More than 23,000 people have applied for permits to hunt wolves this fall when Minnesota opens its first season since the gray wolf came off the endangered species list.
Almost all the applicants were from Minnesota, but state officials say they got paperwork from 33 states. North Dakota led in non-resident applications.
Department of Natural Resources spokesman Chris Niskanen says a computer lottery will award 6,000 licenses by the middle of next month. The statewide hunt has a quota of 400 wolves, and after it's reached the hunt is ended.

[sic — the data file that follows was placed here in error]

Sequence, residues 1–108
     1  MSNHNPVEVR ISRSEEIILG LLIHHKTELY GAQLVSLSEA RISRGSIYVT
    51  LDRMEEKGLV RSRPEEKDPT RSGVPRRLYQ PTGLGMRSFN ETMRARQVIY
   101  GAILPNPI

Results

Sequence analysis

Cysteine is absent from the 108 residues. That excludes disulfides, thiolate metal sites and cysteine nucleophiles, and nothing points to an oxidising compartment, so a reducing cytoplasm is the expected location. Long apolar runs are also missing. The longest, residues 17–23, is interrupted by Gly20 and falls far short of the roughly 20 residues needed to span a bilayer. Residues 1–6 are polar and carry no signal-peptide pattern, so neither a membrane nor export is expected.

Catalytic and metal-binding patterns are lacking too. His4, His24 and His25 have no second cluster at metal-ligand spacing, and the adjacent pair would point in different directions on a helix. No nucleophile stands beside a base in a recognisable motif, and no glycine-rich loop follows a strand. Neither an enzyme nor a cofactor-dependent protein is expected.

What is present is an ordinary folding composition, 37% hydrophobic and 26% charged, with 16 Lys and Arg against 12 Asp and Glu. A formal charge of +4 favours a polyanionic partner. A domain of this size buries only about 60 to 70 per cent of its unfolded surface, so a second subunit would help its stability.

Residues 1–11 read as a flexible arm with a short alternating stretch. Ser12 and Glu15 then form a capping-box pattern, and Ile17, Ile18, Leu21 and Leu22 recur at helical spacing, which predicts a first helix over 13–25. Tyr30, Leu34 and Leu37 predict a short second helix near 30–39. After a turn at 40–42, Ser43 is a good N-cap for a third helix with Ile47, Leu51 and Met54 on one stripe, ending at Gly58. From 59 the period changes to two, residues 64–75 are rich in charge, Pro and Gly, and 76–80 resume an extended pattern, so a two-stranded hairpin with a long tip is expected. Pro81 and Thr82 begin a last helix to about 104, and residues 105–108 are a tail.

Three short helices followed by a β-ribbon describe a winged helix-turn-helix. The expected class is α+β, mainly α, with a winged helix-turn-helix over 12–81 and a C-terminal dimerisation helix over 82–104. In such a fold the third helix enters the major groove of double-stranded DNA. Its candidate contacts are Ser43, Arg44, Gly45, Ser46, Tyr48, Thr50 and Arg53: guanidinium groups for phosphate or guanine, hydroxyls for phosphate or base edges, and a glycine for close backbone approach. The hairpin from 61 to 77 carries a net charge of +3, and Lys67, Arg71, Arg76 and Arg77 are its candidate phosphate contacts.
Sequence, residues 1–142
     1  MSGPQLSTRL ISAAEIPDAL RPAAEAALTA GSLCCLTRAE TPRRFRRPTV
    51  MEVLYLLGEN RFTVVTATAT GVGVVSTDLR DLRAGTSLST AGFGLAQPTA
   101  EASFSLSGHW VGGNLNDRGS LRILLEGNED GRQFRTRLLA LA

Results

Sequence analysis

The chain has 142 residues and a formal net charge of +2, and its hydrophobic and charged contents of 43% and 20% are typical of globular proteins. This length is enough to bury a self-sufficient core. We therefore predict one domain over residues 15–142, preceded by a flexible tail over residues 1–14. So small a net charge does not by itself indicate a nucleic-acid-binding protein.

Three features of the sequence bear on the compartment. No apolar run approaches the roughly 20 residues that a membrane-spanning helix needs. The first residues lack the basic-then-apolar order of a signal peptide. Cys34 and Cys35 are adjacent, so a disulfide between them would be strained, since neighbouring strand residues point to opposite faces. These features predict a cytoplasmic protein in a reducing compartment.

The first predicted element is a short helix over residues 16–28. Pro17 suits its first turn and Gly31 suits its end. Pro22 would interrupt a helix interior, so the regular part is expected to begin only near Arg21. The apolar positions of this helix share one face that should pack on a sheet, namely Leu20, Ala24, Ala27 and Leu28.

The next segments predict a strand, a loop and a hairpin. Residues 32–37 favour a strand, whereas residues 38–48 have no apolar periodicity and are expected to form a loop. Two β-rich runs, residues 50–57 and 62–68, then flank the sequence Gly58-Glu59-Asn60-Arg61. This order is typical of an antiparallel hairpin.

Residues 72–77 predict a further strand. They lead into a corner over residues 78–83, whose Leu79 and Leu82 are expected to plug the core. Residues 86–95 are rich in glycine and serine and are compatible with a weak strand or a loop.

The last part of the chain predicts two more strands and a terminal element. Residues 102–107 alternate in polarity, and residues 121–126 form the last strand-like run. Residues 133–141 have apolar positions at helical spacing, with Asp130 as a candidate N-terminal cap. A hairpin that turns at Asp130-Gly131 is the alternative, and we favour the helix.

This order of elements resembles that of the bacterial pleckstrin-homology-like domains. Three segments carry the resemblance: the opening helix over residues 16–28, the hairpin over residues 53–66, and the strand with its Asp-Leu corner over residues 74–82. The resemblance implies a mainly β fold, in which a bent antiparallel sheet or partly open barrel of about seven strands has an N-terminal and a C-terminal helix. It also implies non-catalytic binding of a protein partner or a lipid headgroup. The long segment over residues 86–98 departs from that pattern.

Minnesota's early wolf hunt starts Nov. 3 to coincide with the deer firearms season.
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